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Reno Vows Election Complaint Review

Updated:
WASHINGTON (AP) — Attorney General Janet Reno pledged Thursday to review any complaint brought to her in the decisive presidential ballot count in Florida but said so far she has no reason to ``jump in.''

``We are not here to generate controversy,'' Reno said at her weekly news conference. ``We are here to do what's right, to make sure the voice of the American people is heard, and that is basically a matter of state law.''

Reno did say her office has received numerous calls and letters in the wake of the stalemate in the presidential vote-counting.

``I'm going to try to do everything I can to move fairly, carefully, thoughtfully, and look to see whether there is any basis for federal action before I jump in,'' Reno said.

The Justice Department plays a substantial role in enforcing Americans' voting rights, often sending federal observers to election sites when given notice of potential problems. And the department's civil rights division plays a role whenever there are questions of possible racial bias in connection with balloting.

The agency also has primary responsibility for enforcing the Civil Rights Act of 1965, which was aimed particularly at several Southern states where voting-law violations were commonplace.

``I want to be very careful that we don't do anything that politicizes what is a very important moment in American history when we want to see to it that the voice of the American people is heard,'' Reno said.

She also said that among the complaints her office has heard is one from the National Association for the Advancement of Colored People raising potential civil rights challenges to the conduct of balloting in Florida.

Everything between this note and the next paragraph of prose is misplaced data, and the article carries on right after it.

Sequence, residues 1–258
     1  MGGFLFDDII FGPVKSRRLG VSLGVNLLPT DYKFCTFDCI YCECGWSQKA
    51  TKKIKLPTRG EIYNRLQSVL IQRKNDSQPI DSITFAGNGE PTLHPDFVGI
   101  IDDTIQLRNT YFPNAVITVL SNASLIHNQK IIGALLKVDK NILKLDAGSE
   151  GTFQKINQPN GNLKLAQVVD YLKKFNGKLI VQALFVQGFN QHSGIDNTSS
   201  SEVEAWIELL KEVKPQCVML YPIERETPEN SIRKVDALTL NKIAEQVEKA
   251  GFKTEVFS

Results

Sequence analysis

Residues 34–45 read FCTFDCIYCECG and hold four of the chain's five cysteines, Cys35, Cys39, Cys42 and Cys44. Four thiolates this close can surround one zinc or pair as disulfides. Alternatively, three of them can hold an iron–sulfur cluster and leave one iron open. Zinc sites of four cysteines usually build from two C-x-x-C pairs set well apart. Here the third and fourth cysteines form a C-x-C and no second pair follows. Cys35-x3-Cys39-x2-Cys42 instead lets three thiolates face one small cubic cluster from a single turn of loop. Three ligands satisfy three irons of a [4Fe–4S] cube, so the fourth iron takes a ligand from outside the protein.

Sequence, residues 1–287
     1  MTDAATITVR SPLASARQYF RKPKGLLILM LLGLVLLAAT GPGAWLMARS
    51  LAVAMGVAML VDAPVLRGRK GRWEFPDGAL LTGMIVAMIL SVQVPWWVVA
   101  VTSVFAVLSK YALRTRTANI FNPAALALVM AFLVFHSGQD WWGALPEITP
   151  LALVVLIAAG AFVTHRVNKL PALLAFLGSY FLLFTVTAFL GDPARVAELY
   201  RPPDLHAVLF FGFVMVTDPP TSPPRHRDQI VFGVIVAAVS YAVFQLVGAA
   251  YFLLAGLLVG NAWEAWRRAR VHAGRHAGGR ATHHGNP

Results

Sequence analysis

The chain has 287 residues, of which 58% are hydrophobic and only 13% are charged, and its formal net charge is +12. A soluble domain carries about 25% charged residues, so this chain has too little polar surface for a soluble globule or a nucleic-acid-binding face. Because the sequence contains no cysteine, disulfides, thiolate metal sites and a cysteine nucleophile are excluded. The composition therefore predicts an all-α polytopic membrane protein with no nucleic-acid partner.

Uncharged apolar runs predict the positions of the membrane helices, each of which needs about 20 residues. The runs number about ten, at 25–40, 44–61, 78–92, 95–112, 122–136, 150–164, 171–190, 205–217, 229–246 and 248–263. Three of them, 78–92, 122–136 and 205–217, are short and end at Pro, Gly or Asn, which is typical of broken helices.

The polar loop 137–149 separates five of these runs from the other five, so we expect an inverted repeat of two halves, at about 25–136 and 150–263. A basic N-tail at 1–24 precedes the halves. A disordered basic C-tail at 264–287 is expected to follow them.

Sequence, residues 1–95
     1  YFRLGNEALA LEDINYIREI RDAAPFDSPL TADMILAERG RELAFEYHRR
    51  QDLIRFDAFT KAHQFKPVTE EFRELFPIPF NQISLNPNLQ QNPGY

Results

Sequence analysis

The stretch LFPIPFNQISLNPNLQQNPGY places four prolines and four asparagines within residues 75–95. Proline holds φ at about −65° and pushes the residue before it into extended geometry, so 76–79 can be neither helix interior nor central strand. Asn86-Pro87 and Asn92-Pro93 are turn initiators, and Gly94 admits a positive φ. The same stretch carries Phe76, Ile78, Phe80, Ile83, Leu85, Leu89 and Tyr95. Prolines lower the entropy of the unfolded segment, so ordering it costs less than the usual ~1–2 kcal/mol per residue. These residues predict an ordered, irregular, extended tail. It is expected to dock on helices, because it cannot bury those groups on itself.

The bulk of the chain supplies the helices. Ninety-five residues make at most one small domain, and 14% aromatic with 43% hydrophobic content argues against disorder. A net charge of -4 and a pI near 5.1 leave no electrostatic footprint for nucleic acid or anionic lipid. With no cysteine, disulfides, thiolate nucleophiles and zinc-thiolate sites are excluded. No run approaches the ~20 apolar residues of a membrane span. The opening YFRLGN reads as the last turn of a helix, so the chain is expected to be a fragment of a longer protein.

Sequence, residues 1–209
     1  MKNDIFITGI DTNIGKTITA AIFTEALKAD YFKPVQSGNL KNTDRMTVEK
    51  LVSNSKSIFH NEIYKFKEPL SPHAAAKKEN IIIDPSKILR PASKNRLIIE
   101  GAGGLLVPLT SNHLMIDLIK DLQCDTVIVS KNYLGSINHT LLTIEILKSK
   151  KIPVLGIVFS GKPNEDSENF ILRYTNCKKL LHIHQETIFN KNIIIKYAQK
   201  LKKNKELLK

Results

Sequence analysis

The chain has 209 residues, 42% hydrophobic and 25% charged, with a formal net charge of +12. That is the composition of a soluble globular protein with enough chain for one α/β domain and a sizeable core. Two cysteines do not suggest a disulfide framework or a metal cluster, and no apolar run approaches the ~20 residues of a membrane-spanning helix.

``We would have to look to see if there is a basis for a federal violation,'' she said. ``In the system we have, state law governs ... the form of the ballot. We should recognize the principle of federalism.''

Reno, herself a Florida native and former state's attorney, said she wants to be ``careful that we don't interject ourselves where it's not right.''

``I think that everybody recognizes that it's an important, vital time in this nation's history, and that we should do it right.''

Although Al Gore won the national popular vote, George W. Bush was ahead in the electoral votes that will determine the winner in Tuesday's election. Florida's 25 electoral votes will determine who becomes president and a recount is under way there.

Apart from the recount, which is mandatory under state law because of the close outcome, there are a variety of potential court challenges and complaints of voting irregularities.

Reno said that like many Americans she was riveted by the nightlong cliffhanger Tuesday.

``The first time I stayed up all night was 1948,'' another cliffhanger, when Harry Truman defeated Thomas Dewey. ``I was 10 years old,'' Reno continued. ``At 62, I didn't stay up all night, but I followed it through most of the evening.''
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